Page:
Sunday, August 21, 2011


Last night, as I was wrapping a day on set, I took a tray of leftover craft services burritos home with me. I drove to downtown Santa Monica and walked around in the alleys looking for people to hand them out to. I walked by a scraggly guy holding a 40 in a paper bag who immediately asked me for $5 for the bus (yeah right) and replied, "I don't have cash but I'm handing out these for anyone who is hungry." He essentially said 'no thanks'. Another scraggly guy who appeared to be a friend of his came up and started mocking me for handing out "food to the homeless." I told him I was handing out food to anyone who was hungry, not to "the homeless". He grabbed the tray from me, the conversation disintegrated, and I walked away.

The encounter sucked the spirit of goodwill right out of me. So, today I went out into stupid nature, and walked through the stupid mountains, ate my stupid lunch and tried to hike off my pissy mood. It was a great sandwich; bacon, egg and cheese on ciabatta. I am a big fan of eating breakfast for other meals, especially when it also pulls double duty as a carbohydrate and protein replenishment device.

Then, I was angry at people for being loud and stupid on my lame hike. Noted. I let the drunk and stinky guys-and-burritos encounter ruin my day.

The people on the hike were actually really nice. The hike was beautiful. My mood is still a cesspool. I'm trying, dear God above, to exhibit compassion towards people on this earth, and I was met with an angry dude grabbing a tray of food from me and being mean-spirited about it. It's going to take me a little time to smile anyway and recognize that an act of compassion itself is not necessarily about how it is received, but that it was offered in the first place. I believe it is important to keep being compassionate to everyone, even mean people, but damn, sometimes it is really, really hard.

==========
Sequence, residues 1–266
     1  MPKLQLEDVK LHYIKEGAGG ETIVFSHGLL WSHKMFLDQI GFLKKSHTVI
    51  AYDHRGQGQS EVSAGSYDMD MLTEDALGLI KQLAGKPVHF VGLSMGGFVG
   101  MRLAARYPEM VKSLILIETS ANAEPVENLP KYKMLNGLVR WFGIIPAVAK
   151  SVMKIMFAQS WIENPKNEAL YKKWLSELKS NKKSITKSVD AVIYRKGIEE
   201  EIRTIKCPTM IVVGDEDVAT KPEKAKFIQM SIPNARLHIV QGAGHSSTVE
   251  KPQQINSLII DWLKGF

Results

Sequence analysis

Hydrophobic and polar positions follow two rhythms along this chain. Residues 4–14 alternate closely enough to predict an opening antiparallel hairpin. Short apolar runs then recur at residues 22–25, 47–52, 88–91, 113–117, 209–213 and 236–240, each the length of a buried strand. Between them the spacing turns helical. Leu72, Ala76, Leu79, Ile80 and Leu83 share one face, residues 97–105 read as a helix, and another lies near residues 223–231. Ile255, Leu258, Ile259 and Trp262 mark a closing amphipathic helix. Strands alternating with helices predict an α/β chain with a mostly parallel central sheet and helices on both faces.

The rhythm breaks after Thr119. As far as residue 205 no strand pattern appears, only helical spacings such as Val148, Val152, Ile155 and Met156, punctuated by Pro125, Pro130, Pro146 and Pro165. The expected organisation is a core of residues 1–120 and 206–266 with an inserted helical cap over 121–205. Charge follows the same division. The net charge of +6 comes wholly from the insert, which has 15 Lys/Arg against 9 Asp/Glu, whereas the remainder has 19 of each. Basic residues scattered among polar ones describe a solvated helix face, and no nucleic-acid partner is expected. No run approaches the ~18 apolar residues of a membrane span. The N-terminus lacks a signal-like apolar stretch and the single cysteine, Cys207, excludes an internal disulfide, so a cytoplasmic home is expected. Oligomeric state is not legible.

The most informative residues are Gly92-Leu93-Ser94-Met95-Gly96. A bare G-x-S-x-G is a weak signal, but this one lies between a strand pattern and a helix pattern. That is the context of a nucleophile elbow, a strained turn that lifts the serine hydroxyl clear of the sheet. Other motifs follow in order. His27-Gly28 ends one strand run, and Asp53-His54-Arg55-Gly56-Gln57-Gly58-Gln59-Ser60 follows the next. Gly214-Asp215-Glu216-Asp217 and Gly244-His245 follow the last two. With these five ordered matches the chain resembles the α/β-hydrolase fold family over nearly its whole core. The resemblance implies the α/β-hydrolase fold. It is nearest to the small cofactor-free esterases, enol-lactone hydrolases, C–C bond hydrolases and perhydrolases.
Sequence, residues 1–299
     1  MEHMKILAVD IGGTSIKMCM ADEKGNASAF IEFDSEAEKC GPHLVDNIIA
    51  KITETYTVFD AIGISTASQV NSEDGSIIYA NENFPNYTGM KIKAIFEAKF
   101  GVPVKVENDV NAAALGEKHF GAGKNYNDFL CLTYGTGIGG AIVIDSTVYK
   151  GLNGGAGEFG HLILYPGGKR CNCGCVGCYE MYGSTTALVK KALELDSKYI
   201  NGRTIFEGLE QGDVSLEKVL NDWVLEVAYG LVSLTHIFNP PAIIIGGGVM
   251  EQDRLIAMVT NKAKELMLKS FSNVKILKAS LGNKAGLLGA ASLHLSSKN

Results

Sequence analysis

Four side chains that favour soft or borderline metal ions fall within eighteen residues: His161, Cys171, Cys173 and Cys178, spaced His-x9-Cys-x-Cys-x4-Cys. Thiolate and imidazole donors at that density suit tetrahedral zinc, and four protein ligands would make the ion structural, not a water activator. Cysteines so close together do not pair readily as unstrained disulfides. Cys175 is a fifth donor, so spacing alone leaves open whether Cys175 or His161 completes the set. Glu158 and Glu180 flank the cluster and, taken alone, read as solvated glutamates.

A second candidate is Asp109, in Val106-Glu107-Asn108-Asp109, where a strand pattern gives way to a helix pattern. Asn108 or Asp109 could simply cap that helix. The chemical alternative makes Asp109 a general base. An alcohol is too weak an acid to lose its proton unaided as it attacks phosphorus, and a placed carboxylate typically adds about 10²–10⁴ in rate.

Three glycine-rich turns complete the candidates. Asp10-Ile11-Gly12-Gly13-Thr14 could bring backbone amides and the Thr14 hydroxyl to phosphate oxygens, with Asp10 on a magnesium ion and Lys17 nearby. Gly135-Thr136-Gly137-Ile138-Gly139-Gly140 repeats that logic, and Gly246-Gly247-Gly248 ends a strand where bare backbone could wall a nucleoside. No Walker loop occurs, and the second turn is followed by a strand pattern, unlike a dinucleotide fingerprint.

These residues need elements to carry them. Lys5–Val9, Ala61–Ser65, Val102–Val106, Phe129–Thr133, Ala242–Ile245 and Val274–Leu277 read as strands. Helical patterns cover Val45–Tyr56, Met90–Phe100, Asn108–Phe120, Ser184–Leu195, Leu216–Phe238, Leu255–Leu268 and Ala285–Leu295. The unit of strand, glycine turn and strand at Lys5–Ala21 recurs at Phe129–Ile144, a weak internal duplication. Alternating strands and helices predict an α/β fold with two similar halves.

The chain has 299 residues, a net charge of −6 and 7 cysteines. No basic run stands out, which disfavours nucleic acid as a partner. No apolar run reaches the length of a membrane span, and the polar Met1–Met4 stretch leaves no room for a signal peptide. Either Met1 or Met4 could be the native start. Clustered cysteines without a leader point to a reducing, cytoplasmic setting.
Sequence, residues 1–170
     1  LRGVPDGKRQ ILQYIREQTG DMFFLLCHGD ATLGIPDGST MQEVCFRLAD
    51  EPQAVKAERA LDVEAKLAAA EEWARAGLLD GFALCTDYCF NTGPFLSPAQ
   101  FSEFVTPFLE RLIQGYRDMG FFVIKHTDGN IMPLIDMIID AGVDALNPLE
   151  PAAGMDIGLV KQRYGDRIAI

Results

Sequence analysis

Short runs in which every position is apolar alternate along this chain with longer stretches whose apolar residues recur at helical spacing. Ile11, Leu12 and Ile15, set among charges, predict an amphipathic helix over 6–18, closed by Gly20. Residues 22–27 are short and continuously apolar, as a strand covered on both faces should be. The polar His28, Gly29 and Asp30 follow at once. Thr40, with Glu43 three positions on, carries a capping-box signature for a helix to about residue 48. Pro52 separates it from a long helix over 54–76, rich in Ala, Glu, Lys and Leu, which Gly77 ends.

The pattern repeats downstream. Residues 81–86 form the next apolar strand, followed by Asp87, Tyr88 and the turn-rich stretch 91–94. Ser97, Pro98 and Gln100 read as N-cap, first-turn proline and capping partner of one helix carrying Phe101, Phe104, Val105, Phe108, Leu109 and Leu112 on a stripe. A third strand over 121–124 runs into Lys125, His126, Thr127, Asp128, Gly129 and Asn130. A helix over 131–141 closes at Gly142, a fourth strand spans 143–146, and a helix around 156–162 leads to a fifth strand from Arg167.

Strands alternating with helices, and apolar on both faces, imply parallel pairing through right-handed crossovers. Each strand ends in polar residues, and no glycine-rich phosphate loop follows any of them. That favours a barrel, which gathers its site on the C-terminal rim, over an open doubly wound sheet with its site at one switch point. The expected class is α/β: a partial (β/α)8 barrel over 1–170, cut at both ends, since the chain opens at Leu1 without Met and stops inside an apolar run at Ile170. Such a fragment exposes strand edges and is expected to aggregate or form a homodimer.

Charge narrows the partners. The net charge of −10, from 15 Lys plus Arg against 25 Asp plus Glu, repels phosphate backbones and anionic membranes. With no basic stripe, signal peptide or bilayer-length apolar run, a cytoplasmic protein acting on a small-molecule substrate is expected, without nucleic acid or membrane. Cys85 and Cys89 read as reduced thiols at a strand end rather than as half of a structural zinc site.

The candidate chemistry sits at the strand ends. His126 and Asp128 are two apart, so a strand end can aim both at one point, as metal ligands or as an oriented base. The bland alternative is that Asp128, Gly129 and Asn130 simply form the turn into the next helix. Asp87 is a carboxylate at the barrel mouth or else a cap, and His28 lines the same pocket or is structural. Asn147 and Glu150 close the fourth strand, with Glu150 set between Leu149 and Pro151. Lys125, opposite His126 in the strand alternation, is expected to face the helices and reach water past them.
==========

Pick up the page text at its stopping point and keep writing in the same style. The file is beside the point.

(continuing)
1. I'm sorry you had such a bad experience. Helping people who don't want your help can be frustrating. A hike was probably the right thing to do.
    After many, many bad encounters with hustlers on the streets in Santiago, The Dominican Republic, I finally had a good experience with helping someone there. My husband and I were walking home from dinner and I had a box of leftovers that I didn't really want. When gang of little boys mobbed us yelling "Please, please, give us money! We're hungry!" I gave one of them my leftovers. He immediately sat on the curb, openned the box, and started shovelling food into his mouth. It was a win win situation!

  2. You really have to let your spirit of goodwill be the barometer of what you accomplished yesterday. You did the right thing. That others don't know how to accept it should not deter from that. I know how it can and does...but from me to you? I say thank you for trying.

  3. Amen, sister. I applaud your efforts and understand your frustration. There's no better way to say it, sometimes that stuff is just really, really hard. I appreciate you for saying it.

  4. You know I had a similar experience years ago in San Francisco which was crawling with pan handlers (this is when I lived there). I remember walking through China Town with some friends and a guy was hitting us up for money hardcore. He needed food...he said. We had some extra steamed buns we'd purchased and offered those to him. It became clear he did not want food, he wanted money. You really can't ever know about people life circumstances or motivations. The important thing was YOUR motivation which was great. Good for you about being so honest about how sucky it all is rather than glossing it over. Those experiences always lend themselves to some provocative thought.


Thank you for sharing your thoughts. Stay positive!